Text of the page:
A review found high concentrations of phthalates in various cheese products currently being sold in the market. Powdered cheese in boxed mac and cheese were found to have the highest concentrations of phthalates among the tested products.
Phthalates have previously been linked to pregnancy problems as well as behavioral problems in older children.
Review Of Cheese Products
You may be familiar with phthalates, but not for health reasons. Phthalates are often called plasticizers and are used in a variety of plastic products to make them more flexible. However, a new study shows that many of the cheese products in the market actually have significant traces of this chemical compound.
After testing different types of cheese products including children's favorites such as string cheese and processed cheese slices, researchers found that 29 out of 30 tested products contained phthalates. More specifically, they identified 10 different phthalates in the tested cheese products, with up to six compounds in a single product.
In fact, the highest concentrations of phthalates were found in the powdered samples from boxed mac and cheese where the average phthalates levels were up to four times higher than other cheese products.
Further, di(2-ethylhexyl) phthalate (DEHP) was found more often in the products and in higher concentrations compared to other phthalates.
Why Test Cheese?
Researchers opted to examine cheese products after a 2014 study, which concluded dairy products to be the highest source of DEHP among children and women at reproductive age. As such, the team opted to review cheese products first in the series of dairy products testing for DEHP.
The review was carried out by four groups, namely the Environmental Health Strategy Center, Safer States, Healthy Babies Bright Futures, and the Ecology Center. The testing itself was conducted by an independent laboratory in Belgium, the Flemish Institute for Technological Research.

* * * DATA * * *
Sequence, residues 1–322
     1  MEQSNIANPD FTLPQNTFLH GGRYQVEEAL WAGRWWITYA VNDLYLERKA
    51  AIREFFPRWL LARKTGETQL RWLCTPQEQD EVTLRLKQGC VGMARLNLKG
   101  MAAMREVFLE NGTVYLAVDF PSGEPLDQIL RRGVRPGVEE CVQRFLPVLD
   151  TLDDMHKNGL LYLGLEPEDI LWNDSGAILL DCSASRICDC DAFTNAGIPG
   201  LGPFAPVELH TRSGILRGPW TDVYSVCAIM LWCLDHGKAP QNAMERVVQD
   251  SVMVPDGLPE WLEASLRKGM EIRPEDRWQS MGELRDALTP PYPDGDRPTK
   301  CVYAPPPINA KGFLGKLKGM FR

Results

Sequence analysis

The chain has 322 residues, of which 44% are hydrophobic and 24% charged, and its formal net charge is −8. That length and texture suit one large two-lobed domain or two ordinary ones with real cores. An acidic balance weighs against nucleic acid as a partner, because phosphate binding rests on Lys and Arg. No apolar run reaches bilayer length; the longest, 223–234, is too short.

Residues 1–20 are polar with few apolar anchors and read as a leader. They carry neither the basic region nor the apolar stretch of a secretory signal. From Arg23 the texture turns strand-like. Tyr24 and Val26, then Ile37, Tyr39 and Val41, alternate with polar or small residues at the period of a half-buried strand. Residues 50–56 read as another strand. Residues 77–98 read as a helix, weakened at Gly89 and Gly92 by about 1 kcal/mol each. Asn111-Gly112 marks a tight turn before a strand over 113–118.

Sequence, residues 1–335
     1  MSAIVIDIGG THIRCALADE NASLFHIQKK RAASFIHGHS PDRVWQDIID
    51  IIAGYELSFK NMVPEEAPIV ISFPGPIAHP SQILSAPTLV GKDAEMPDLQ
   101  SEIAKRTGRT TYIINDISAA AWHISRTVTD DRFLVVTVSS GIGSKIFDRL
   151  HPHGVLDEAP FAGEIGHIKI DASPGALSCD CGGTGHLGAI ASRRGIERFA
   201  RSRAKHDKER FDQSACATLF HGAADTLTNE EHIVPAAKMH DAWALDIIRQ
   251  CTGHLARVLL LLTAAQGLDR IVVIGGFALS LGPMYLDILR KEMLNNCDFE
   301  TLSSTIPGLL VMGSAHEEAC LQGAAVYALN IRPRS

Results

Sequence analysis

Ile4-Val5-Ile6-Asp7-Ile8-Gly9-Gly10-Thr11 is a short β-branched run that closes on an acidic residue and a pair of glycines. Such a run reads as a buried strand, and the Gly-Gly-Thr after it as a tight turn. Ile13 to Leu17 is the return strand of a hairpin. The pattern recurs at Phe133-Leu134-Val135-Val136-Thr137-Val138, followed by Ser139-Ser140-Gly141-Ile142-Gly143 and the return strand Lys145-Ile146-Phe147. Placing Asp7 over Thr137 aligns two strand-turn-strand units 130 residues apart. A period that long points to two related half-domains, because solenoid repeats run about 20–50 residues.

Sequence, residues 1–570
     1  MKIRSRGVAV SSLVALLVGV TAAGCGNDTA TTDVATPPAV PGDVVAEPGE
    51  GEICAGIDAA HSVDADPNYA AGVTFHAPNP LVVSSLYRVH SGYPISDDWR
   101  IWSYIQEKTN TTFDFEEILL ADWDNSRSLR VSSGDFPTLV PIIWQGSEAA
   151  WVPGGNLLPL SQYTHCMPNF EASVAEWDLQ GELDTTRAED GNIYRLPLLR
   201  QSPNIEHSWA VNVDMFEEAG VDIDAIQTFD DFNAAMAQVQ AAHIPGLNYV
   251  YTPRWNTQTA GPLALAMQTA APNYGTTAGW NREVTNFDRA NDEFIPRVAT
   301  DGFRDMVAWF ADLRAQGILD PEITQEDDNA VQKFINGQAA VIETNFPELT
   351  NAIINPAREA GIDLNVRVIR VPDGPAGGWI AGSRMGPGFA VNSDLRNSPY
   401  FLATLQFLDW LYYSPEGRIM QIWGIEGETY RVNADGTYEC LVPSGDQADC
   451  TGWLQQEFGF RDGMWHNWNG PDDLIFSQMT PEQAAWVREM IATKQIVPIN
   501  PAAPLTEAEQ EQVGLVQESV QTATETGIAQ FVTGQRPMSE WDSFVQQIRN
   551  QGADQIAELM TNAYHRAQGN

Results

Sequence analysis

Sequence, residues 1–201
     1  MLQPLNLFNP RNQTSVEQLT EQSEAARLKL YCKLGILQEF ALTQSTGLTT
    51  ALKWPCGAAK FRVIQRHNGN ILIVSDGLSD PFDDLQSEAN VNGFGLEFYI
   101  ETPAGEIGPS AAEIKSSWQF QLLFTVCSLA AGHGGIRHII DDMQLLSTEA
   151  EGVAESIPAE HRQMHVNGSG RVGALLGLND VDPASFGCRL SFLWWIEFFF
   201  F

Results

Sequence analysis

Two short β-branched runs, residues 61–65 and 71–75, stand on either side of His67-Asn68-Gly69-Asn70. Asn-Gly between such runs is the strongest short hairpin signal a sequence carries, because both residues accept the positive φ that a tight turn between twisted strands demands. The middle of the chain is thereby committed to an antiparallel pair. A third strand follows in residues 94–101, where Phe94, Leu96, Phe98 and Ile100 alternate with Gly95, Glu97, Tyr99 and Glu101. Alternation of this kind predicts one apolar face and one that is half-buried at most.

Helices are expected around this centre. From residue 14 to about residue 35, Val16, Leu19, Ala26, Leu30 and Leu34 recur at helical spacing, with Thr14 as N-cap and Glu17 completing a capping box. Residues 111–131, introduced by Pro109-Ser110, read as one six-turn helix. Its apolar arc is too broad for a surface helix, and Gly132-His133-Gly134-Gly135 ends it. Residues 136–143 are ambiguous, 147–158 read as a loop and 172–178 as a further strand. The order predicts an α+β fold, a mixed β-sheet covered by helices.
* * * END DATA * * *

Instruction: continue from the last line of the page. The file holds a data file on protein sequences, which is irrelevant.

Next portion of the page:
What Are Phthalates?
As mentioned, phthalates are chemical compounds that are often used to make plastics more flexible and difficult to break. They are used in a multitude of products including vinyl flooring, automotive plastics, lubricating oils, raincoats, and beauty products such as shampoo and nail polish.
They are also in products that children often use such as inflatables and plastic toys.
How Are Phthalates Absorbed In The Body?
More often, phthalates are absorbed through the skin via direct contact or by eating and drinking food products that have been in contact with phthalates. Though exposure to phthalates via the air occurs albeit to a lesser extent, young children may be more at risk of phthalate exposure from dust due to their hand-to-mouth habits.
At levels found in the environment, the Centers for Disease Control and Prevention (CDC) does not expect any adverse health effects. However, more serious effects of phthalates remain to be a mystery, as human absorption and breakdown of DEHP varies greatly from that of mice and rats. As such, some of the effects of DEHP exposure to mice may not occur to humans and primates.
Even agencies are split on this matter, as the Environmental Protection Agency classifies DEHP as probably human carcinogens along with the Department of Health and Human Services (DHHS) who classifies the chemical compounds similarly.
On the other hand, the International Agency for Research on Cancer (IARC) changed its description of DEHP from being a possible carcinogen to a product that cannot be classified regarding its carcinogenicity in humans.